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Resizes an allocated memory block

#include <stdlib.h>
void *realloc ( void *ptr , size_t n  );

The realloc( ) function replaces a memory block dynamically allocated by malloc( ), calloc( ) or realloc( ) with a new one of size n, and copies the contents of the previous block to the new block, to the extent that the two blocks' sizes permit. If the new block is larger, the values of the remaining bytes are undetermined. The pointer argument passed to realloc( ) is the address of the block previously allocated, and the function's return value is the address of the new block. The new block may or may not begin at the same address as the old block. realloc( ) returns a null pointer if the new block could not be allocated as requested; in this case, it does not release the old block, and your program can continue using it.

If the first argument is a null pointer, realloc( ) allocates a new memory block, behaving similarly to malloc( ). Otherwise, if the pointer argument does not point to a memory block allocated by malloc( ), calloc( ), or realloc( ), or if it points to such a block that has since been released by a call to free( ) or realloc( ), then the behavior is undefined.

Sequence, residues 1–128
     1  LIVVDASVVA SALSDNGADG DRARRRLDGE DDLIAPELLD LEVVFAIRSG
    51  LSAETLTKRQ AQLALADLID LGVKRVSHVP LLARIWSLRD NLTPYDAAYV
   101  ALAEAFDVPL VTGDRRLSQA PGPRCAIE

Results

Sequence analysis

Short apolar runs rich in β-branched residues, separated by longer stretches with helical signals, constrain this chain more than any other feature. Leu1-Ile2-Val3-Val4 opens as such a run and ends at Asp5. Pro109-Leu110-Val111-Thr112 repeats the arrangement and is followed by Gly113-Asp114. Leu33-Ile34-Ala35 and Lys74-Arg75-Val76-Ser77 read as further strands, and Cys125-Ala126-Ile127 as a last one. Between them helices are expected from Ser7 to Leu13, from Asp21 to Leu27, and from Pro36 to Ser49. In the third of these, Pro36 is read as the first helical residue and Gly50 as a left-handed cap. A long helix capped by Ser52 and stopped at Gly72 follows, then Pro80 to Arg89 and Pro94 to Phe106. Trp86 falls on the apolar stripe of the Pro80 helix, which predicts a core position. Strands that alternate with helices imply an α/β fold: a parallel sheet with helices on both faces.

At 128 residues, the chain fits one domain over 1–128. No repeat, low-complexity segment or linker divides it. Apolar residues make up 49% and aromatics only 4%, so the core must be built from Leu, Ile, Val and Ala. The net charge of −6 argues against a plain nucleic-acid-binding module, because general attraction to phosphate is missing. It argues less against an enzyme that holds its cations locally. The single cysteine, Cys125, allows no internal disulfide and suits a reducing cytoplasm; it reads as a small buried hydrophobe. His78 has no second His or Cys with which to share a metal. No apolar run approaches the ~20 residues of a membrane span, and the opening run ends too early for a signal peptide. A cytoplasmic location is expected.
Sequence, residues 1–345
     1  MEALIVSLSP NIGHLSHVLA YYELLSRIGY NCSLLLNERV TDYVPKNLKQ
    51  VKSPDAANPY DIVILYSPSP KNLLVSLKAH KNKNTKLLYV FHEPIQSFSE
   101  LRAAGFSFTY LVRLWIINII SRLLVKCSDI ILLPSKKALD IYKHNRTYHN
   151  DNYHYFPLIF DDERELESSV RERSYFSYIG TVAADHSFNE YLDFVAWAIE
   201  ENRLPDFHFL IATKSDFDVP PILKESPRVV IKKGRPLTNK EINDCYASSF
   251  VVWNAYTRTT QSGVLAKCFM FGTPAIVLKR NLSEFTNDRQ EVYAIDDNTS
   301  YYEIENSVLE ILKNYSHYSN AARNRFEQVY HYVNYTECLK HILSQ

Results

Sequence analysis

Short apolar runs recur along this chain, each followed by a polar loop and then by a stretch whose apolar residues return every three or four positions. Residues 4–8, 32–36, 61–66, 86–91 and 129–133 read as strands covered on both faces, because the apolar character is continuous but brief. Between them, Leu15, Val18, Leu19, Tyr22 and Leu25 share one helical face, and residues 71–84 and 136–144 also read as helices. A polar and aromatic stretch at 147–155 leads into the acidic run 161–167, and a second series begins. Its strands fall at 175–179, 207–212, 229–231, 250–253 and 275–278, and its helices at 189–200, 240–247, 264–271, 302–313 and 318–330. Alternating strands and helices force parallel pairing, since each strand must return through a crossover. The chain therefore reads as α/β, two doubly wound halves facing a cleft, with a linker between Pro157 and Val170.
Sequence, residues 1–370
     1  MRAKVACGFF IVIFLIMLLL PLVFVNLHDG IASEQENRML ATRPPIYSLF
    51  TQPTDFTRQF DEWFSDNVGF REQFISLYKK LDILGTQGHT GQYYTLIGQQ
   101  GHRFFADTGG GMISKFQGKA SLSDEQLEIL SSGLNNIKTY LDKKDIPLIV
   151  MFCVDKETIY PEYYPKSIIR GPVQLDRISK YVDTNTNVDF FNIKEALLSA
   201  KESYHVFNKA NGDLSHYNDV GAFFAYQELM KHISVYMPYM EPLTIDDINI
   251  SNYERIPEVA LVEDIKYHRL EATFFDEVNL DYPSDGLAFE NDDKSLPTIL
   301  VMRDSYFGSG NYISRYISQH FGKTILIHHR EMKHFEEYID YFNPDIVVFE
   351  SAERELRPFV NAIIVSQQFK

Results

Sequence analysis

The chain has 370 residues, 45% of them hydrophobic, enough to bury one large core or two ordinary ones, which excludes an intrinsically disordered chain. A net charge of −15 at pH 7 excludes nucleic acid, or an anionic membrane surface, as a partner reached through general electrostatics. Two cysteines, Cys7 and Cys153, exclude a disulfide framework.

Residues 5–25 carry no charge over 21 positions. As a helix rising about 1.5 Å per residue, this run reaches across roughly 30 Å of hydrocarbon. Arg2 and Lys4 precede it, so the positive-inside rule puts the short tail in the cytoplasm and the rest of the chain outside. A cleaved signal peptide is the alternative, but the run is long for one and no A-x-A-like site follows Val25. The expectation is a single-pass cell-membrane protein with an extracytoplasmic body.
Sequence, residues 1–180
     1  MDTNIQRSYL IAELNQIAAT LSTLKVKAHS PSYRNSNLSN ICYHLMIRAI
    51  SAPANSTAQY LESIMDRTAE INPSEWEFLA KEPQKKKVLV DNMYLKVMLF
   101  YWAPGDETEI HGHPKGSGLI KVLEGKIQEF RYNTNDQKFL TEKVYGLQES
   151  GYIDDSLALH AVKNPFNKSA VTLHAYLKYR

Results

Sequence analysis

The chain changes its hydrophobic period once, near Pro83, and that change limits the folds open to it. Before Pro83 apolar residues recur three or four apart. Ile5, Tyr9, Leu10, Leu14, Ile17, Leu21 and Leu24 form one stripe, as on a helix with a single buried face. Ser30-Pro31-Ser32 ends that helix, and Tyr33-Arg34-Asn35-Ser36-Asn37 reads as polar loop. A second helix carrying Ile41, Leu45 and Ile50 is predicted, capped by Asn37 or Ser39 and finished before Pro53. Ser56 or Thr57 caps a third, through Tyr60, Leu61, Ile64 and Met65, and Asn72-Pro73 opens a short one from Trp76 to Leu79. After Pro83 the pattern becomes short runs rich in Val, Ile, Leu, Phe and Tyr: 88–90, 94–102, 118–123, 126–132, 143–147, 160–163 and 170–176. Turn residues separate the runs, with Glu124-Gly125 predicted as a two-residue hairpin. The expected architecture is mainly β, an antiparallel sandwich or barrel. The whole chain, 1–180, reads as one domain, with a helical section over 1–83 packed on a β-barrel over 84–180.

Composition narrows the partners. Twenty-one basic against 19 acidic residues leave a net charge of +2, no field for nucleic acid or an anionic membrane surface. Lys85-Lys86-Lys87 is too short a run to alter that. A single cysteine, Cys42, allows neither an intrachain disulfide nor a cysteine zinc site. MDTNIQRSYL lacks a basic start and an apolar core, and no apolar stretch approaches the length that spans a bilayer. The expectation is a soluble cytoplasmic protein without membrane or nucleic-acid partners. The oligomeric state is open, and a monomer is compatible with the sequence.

typedef struct { int len;
                 float array[ ];
               } DynArray_t;

DynArray_t *daPtr = malloc( sizeof(DynArray_t) + 10*sizeof(float) );
if ( daPtr == NULL ) exit -1;

daPtr->len = 10;

for ( int i = 0; i < daPtr->len; ++i )
  daPtr->array[i] = 1.0F/(i+1);
/* daPtr->array[10] = 0.1F             // Invalid array index! */

DynArray_t *daResizePtr = realloc( daPtr,
                                   sizeof(DynArray_t ) + 11*sizeof(float) );
if ( daResizePtr != NULL )
  daPtr = daResizePtr ;
  daPtr->len = 11;
  daPtr->array[10] = 0.1F / 12;        // Okay now.
  /* We'll just have to get along with the array of 10 floats. */

See Also

malloc( ), calloc( ), free( )

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